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Reconstruction planned for burnt Tuol Kork community

Reconstruction planned for burnt Tuol Kork community

TUOL Kork district authorities met Monday with families whose homes were destroyed last week in a fire in the district’s Boeung Kak 2 commune, asking them to prepare for a reconstruction plan aimed at increasing the accessibility of the community to emergency services.

The fire destroyed 178 homes, as well as dormitory rooms in the community’s Neak Von pagoda, killing no one but leaving 257 families, 181 students and 90 monks homeless.

Tuol Kork district Governor Seng Ratanak said the fire proved so destructive in part because the roads in the community were too narrow for fire trucks to get at the heart of the blaze. As homes are reconstructed, Seng Ratanak said, villagers will have to make space for three new access roads designed to prevent a repeat of last week’s inferno.

Resident Nuon Chamroeun, 29, said after the meeting that he was happy with the plan, which will set homes at least 10 metres away from the railroad tracks that run through the community and 3 metres away from the fence around Neak Von pagoda.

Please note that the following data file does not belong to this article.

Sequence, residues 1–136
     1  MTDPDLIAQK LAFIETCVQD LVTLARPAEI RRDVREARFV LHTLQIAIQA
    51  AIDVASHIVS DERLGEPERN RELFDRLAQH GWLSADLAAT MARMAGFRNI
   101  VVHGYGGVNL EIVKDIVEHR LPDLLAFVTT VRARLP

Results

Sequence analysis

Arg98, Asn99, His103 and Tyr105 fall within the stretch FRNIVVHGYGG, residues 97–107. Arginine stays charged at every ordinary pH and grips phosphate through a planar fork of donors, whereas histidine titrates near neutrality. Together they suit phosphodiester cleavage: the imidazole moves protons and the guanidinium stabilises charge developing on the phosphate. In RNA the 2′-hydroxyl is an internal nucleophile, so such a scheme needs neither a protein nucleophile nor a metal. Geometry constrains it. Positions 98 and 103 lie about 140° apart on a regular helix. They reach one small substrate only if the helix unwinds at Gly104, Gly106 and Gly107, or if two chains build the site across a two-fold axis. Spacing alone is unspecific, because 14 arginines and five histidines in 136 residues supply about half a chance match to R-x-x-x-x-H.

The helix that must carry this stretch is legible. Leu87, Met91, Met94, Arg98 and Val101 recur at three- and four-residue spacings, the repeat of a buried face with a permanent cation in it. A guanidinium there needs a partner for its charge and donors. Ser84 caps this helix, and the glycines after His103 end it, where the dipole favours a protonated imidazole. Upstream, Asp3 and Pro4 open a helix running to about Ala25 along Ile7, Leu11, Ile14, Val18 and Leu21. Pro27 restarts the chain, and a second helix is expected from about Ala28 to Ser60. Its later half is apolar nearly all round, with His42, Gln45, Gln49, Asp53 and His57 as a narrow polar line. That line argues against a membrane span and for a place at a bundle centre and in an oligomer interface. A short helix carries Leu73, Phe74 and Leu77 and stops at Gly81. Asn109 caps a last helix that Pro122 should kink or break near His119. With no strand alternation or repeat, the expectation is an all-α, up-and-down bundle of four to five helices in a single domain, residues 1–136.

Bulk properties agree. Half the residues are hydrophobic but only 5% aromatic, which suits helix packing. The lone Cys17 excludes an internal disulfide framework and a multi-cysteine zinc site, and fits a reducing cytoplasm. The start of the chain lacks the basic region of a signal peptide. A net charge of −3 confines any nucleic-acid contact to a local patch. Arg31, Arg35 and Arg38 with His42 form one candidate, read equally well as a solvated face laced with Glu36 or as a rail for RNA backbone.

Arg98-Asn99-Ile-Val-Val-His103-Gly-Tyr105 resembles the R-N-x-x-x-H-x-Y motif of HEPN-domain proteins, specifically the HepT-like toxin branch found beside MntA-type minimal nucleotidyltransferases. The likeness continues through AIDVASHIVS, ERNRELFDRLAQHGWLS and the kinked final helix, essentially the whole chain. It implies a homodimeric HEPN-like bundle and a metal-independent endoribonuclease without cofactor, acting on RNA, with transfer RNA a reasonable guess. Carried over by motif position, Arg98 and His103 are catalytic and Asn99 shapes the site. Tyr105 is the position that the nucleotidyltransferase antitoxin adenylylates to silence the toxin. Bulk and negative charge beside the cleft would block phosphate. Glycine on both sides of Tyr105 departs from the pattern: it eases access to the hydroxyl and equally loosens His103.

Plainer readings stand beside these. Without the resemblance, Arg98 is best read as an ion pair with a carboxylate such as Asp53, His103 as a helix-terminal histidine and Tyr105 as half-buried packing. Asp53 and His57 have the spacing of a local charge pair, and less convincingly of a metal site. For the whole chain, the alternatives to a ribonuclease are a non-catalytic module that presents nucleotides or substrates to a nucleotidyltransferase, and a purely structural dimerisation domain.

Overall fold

He added, however, that he was still nervous about the possibility of his being forced to relocate to Kandal province’s Ponhea Leu district, a prospect floated last week by local officials as an alternative to the reconstruction of the community.

“That area is empty and has no market. I would not like living there,” Nuon Chamroeun said.

Srey Pao, 27, another resident, shared Nuon Chamroeun’s opinion. “If we were moved to an area without a market, we could not earn a living,” she said.

Speaking on Monday at the National Institute of Education in Phnom Penh, Prime Minister Hun Sen urged Cambodians to pay special attention to fire safety during the dry season, saying that incidents like last week’s fire would likely become more frequent as a result of climate change.

The premier lived at Neak Von pagoda during his youth, and he said his former dormitory room was one of those destroyed as the fire spread through the community.

“I was a pagoda boy. I still regard myself as a student of monks,” Hun Sen said. He called on municipal authorities and Mong Reththy, president of the Mong Reththy Group, who also once lived at Neak Von pagoda, to support reconstruction of his former home.

“Please consider rebuilding the house where I used to live. The fire did not know it was the house of a pagoda boy who became the prime minister,” Hun Sen said.